When it comes to giving yourself a little boost in the middle of the day, there are two ways to go about it: one, have some coffee; or two, take a nap. But have you ever considered taking a coffee nap instead? As you might have guessed from its name, a coffee nap combines both chugging a cup of coffee with the fine art of the power nap — and according to Vox, it might be the best way of all to wake yourself up, even if it sounds counterintuitive.
To understand the science of how a coffee nap works, first you need to understand the effect caffeine has on your body. When you’re awake, a chemical called adenosine accumulates in your brain. The more adenosine there is, the more tired you feel, because the longer you’re awake, the more adenosine accumulates. When you’re asleep, the amount of adenosine in your brain dwindles, eventually leading you back to wakefulness. With me so far? OK. Cool. So here’s how caffeine fits into the picture: It turns out that caffeine is pretty similar in structure to adenosine; as such, it binds to the same parts of brain, preventing adenosine from binding where it should in the process. But, because it’s not adenosine, you don’t get the same sleepiness affect you do when your system is caffeine-free. The result? That good ol’ caffeine buzz. Here, check out this video from ASAP Science for more details of what happens to your brain on coffee:
Now, remember that whole power nap thing? There are a couple of things at work here: First, recall that when you sleep, the level of adenosine in your brain goes down, resulting in wakefulness after a nap. But, also note that when you sleep for longer than 20 minutes or so, your brain starts to enter deeper stages of sleep that are harder to wake up from. That’s why power naps give you the most bang for your buck — they clear out the adenosine in your brain without leading to what’s called sleep inertia. And lastly, caffeine takes about 20 minutes to start working once it’s in your system — so, if you drink a cup of joe quickly right before lying down for a 20-minute power nap, when you wake up, you’ll: A) Have less adenosine floating around your brain, and B) start feeling the caffeine from your coffee kicking in. That way, you can avoid doing this:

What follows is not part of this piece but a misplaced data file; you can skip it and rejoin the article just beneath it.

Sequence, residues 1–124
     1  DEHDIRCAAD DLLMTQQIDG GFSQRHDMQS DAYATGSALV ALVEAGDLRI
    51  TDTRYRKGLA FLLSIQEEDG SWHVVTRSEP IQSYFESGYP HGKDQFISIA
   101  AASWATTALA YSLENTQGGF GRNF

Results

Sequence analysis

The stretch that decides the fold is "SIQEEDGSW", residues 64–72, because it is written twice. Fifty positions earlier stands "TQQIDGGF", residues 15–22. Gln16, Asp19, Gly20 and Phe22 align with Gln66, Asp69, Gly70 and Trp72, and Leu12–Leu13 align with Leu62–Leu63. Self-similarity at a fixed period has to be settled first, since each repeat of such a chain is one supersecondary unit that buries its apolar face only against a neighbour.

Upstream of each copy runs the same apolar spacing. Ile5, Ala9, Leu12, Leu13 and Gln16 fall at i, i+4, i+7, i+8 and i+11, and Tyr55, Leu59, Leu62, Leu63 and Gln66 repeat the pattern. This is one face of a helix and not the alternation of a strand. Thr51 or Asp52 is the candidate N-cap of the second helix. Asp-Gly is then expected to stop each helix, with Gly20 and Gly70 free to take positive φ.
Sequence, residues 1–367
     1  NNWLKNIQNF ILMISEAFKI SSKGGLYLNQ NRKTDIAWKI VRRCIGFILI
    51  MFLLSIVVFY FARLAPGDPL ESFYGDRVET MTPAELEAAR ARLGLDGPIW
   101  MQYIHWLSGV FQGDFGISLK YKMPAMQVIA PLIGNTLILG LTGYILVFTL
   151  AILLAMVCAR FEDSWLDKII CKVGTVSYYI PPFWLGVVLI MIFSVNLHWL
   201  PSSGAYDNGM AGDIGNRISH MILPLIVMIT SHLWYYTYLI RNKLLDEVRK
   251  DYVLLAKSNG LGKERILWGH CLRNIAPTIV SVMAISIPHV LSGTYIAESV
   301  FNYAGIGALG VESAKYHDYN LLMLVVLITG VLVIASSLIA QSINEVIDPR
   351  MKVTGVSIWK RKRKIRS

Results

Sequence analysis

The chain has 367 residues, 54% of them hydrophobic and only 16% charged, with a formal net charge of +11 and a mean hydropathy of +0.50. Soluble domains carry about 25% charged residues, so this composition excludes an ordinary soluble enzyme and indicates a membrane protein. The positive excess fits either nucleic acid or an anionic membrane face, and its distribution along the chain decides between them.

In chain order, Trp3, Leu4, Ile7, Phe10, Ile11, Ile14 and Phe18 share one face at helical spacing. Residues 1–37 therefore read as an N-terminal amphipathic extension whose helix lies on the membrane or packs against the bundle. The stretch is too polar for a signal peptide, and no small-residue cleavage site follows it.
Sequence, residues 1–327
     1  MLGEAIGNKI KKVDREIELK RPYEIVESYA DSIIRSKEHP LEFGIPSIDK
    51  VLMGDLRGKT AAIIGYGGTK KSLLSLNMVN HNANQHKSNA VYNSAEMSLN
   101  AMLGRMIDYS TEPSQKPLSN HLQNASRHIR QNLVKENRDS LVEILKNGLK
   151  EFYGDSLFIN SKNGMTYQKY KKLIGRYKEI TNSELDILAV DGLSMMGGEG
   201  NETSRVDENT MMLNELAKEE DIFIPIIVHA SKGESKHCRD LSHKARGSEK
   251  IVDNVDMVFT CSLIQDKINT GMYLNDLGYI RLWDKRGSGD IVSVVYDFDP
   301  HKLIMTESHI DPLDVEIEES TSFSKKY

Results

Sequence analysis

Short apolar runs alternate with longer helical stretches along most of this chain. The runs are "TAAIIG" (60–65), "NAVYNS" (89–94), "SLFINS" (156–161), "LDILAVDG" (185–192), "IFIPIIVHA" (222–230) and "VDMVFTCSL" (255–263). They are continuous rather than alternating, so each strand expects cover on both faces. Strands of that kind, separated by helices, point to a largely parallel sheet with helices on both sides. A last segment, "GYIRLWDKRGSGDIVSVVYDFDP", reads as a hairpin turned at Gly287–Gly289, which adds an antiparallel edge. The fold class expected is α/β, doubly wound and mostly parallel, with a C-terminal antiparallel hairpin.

In case you’re not convinced yet, Vox also cites a few studies that illustrate how much more effective coffee naps are than just coffee or just naps. In one from Loughborough University in the UK, subjects made fewer mistakes in a driving simulator after a 15-minute coffee nap than they did after having just coffee, taking just a nap, or taking a decaf placebo; in another study from Japan, participants performed significantly better on a bunch of memory tests after taking a coffee nap than people who either took a nap, or took a nap and then washed their faces or had a bright light shone into their eyes. Food for thought, no?
Students at the most caffeinated colleges in the U.S.? I’d like to revise my recommendation to you: Yes, you should how to nap — but maybe you should also throw in the occasional coffee nap. Just don’t overdo it, okay? As we learned from the ASAP Science video, it’s hard to overdose on just coffee alone; but still. Don’t completely replace sleep with coffee. You wouldn’t want to accidentally trick your brain into creating false memories, would you?
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